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Eliza Fixler


Something I can bring myself to care about,

aside from love, is Lisa telling me about

the HIV counselor, working with her

at intake, who couldn’t find a vein

because all of them are shot

and what it means that Randall plans

to spend the night in his backseat

for the 27th night, because, he says,

a rented roof is a searing chest

in exchange for empty pockets but

a warm glow in a cold car will help

him meet tomorrow, gracefully

and what can I tell Lisa when she pleads

with me, says doing this means breaking

free from the weighted, fleece awareness

only a syringe has known to dress her in

when the truth is, my heart rests only

for the beds of your fingers, and it takes

just one dinner alone for the velcro,

covering up the vacuum-factory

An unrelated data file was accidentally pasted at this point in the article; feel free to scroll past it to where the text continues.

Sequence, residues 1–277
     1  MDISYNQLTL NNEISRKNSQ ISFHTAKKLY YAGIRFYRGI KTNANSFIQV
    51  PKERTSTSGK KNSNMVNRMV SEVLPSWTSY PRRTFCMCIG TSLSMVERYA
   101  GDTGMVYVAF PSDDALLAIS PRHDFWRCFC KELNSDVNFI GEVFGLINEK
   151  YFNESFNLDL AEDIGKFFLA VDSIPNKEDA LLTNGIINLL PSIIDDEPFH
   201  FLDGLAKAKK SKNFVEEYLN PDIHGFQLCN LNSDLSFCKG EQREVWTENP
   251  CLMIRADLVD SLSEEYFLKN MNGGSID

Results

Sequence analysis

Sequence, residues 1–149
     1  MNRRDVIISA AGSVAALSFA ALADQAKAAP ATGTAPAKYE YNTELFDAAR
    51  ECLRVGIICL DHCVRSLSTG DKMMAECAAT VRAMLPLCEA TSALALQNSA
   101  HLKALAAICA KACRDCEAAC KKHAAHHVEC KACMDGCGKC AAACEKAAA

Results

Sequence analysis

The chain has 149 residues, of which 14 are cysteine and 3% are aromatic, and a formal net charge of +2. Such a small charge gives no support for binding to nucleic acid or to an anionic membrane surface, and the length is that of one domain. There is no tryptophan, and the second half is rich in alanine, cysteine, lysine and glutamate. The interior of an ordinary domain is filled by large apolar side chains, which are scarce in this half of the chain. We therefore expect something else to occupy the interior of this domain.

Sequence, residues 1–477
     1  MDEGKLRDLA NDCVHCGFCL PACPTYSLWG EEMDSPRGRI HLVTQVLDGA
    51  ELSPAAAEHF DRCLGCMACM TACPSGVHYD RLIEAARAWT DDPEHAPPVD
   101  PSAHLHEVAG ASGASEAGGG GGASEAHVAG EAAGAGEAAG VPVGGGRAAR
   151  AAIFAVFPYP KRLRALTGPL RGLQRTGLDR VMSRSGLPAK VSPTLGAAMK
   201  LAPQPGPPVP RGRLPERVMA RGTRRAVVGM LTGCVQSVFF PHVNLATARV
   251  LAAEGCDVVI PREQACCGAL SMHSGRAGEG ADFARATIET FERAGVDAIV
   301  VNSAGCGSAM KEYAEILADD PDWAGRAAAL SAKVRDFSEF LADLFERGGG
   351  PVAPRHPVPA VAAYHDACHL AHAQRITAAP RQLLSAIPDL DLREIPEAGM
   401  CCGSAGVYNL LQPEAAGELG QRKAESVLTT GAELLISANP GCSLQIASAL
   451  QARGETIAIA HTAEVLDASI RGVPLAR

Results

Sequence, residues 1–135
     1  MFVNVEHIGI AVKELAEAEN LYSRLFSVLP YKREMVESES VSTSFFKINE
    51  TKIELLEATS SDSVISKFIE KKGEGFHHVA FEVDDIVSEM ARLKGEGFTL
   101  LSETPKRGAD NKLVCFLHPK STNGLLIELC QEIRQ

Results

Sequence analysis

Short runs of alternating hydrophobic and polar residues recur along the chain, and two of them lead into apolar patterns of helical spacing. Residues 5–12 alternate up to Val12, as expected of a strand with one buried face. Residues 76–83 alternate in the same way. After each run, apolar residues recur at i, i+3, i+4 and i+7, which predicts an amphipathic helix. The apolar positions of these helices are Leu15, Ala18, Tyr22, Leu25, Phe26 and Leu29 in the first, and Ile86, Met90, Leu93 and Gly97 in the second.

in my chest, to come screaming off.

I roll replayed hugs over my tongue

like honey cough drops, cough up

dust until you call

I keep a weighted blanket, too,

for when you don't come home

and so I can't begrudge her this

Randall’s a smart guy who knows

I haven’t spent a single night in my car,

and Lisa’s eyes are surveying my ripe

capillaries and across a desk we speak

about what it is to be a punch- balloon,

an overfull latex body on a rubber band

on the ham-handed fist of the universe,

knocked back against some same outer

effervescence, and a yawning, gasping

dead air in between.


Eliza is a social service worker, animal caretaker and emerging poet from St. Petersburg, FL. Her works tend to be introspective and relational, centering emotional and interpersonal concerns. Previous work has been published in Poetry Super Highway.

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